Latosol samples were chemically characterized (Table 2) in accordance with Embrapa (2011), as it follows: pH: H2O; Ca2+ and Mg2+: extracted using 1 mol L-1 of a potassium chloride solution and analyzed by titration with EDTA at 0.0125 mol L-1; H+ + Al3+: extracted using 1 mol L-1 of a calcium acetate solution at pH 7.0 and determined by titration with NaOH 0.0606 mol L-1; available P- and K+: extracted with a Mehlich-1 solution, where P was measured by colorimetry and K+ by atomic emission spectroscopy; organic carbon: obtained by the Walkley-Black method. The data obtained were used to calculate the sum of base cations, cation exchange capacity, base saturation (%) and aluminum saturation (%).

Table 2 Chemical characteristics of soils in the farming (A1, A2, A3, A4 and A5) and forest (F1, F2, F3 and F4) areas. 

Chemical attribute Unit A1 A2 A3 A4 A5 F1 F2 F3 F4
U1 S1 L1 U2 S2 L2 U3 S3 L3 U4 S4 L4 U5 S5 L5 U1 U2 U3 U4
0.0-0.10 m depth
pH H2O 6.1 6.4 6.2 5.2 6.5 6.1 5.7 5.9 5.2 5.6 6.2 5.2 6.5 6.2 6.5 4.8 4.6 4.6 4.2
Ca cmolc dm-3 5.7 5.0 4.1 3.2 4.0 4.5 3.7 3.2 2.6 4.8 4.1 3.3 4.0 5.0 4.5 1.5 1.3 1.0 0.8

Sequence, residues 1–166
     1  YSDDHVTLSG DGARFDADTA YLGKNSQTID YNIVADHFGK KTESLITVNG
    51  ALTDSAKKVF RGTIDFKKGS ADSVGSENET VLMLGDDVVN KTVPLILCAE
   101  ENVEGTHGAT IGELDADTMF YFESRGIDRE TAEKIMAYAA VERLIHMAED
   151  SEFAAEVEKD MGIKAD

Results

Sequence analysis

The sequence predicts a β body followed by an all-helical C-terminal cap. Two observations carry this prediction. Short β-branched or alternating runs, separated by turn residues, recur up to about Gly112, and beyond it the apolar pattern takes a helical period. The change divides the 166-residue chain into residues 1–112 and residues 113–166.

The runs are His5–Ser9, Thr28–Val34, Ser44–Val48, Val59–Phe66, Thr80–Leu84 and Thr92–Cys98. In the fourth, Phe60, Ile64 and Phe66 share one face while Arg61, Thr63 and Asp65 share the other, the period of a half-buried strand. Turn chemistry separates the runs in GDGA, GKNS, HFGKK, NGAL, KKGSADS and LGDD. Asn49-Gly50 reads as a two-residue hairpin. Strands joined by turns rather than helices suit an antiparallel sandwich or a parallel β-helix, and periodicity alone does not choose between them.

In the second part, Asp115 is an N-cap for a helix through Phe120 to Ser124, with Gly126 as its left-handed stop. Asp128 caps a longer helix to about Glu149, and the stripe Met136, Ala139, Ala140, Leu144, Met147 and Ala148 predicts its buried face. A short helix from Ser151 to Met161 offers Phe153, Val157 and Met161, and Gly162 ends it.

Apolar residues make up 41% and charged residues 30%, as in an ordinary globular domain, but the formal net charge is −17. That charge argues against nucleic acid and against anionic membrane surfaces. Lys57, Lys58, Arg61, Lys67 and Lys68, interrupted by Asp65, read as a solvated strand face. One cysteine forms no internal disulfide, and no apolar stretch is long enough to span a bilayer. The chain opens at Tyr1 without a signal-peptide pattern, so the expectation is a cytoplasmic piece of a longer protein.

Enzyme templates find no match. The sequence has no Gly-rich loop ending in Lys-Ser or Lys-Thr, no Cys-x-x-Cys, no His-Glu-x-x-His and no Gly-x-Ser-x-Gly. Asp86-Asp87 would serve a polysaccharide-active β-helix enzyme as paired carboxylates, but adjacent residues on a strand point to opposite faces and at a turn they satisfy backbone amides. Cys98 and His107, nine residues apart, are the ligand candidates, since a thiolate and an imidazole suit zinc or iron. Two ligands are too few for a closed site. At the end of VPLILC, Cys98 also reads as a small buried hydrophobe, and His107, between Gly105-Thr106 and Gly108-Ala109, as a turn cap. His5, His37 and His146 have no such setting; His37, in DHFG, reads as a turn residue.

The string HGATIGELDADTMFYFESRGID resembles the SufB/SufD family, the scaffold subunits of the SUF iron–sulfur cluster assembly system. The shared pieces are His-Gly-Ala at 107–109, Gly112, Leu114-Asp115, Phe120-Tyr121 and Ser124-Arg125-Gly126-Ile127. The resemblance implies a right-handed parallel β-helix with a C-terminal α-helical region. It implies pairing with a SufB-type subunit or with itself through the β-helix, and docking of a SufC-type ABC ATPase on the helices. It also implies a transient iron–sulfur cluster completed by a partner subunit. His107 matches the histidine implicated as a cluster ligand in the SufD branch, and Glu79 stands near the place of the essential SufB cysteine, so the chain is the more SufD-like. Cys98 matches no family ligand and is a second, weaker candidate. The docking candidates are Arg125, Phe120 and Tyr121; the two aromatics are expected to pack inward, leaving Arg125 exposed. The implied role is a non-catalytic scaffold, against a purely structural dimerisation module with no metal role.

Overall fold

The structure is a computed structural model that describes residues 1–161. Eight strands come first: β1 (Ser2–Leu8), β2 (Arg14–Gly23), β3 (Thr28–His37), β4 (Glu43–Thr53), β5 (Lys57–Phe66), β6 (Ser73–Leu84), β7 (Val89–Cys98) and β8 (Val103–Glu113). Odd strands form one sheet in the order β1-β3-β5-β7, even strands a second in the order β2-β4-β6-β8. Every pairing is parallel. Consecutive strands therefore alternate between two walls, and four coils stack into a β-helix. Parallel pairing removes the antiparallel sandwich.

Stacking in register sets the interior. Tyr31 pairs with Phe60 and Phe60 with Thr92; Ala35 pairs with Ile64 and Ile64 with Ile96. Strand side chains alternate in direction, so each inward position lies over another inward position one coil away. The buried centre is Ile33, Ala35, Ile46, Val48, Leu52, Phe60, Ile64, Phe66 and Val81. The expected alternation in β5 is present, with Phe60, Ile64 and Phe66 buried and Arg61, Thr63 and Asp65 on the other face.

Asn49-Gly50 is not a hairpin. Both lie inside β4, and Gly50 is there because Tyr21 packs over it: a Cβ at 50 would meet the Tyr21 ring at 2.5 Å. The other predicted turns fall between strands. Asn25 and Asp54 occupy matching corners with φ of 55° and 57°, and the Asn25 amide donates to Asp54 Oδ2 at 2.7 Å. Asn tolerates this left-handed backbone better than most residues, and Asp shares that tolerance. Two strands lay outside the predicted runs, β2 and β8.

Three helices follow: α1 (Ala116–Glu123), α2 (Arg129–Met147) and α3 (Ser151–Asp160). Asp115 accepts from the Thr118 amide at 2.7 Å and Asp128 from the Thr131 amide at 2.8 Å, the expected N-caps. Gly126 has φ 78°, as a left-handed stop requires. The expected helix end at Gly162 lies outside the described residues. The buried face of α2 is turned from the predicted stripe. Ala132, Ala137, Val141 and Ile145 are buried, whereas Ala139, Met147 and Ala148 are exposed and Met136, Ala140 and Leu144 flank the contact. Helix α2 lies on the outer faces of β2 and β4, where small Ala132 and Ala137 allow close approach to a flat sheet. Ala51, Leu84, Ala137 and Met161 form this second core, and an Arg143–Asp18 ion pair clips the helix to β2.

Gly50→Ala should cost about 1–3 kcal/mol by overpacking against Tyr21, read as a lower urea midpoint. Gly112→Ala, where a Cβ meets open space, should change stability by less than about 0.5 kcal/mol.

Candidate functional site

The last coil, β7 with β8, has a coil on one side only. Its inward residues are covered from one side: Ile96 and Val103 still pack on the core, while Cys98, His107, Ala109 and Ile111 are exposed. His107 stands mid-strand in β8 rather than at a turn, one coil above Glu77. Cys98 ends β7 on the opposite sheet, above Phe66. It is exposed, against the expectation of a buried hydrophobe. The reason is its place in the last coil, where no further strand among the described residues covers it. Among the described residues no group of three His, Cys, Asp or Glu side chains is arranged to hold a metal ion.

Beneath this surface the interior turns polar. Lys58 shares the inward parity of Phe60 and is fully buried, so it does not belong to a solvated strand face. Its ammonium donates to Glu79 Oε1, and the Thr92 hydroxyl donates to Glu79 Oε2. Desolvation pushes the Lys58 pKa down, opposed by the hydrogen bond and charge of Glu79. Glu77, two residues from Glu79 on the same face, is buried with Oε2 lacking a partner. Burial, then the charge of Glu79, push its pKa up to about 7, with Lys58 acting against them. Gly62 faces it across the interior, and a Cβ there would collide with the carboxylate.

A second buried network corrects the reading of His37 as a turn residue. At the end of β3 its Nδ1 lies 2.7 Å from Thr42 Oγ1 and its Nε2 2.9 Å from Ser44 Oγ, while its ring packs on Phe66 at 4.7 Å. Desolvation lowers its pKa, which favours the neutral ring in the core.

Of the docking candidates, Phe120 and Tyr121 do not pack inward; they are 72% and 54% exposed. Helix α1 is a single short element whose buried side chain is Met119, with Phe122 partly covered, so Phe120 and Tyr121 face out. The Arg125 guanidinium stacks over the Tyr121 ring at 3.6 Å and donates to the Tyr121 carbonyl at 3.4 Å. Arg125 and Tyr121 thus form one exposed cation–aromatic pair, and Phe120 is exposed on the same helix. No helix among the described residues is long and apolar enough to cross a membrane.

Mg cmolc dm-3 1.4 2.2 2.5 2.6 2.7 1.6 1.5 0.8 1.1 2.5 2.3 1.5 3.6 2.9 0.8 3.2 1.5 2.7 3.0
P mg dm-3 172 162 275 275 279 58 109 166 137 149 380 246 146 44 36 8.0 6.0 8.0 5.0
K cmolc dm-3 1.8 1.4 1.6 1.0 2.6 0.1 0.3 0.2 1.0 2.0 2.5 1.6 2.5 2.4 0.9 0.5 0.1 0.2 0.2
OM g kg-1 25.5 25.2 17.8 32.4 23.6 30.3 17.1 13.0 14.8 28.1 24.2 19.1 27.5 24.4 18.9 45.5 43.2 38.6 39.7
H + Al cmolc dm-3 2.15 2.15 1.98 5.61 2.64 3.63 3.80 2.15 2.48 4.62 1.16 1.82 1.82 0.83 2.15 13.53 12.38 5.28 11.39
CEC cmolc dm-3 11.12 10.85 10.28 12.52 12.24 10.17 9.46 6.49 7.23 14.12 10.23 8.27 11.96 11.24 8.31 18.81 15.29 9.37 15.40
m % 1.35 0.92 0.97 0.80 1.23 0.98 1.06 1.54 0.69 1.77 0.98 121 0.84 0.89 0.60 4.25 7.19 7.47 6.17
V % 80.71 80.23 80.74 55.17 78.44 64.29 59.86 66.93 65.79 67.28 88.71 78.04 82.84 92.66 74.20 28.05 19.09 43.65 26.05
0.10-0.30 m depth
pH H2O 6.2 6.6 6.4 5.5 6.4 5.9 6.1 5.7 5.4 5.5 6.6 5.4 6.8 6.4 5.4 4.5 4.6 4.5 4.4
Ca cmolc dm-3 5.4 4.7 4.0 2.7 3.3 4.3 3.2 3.1 2.8 4.0 3.6 2.8 3.6 4.1 3.7 1.3 1.2 1.1 0.6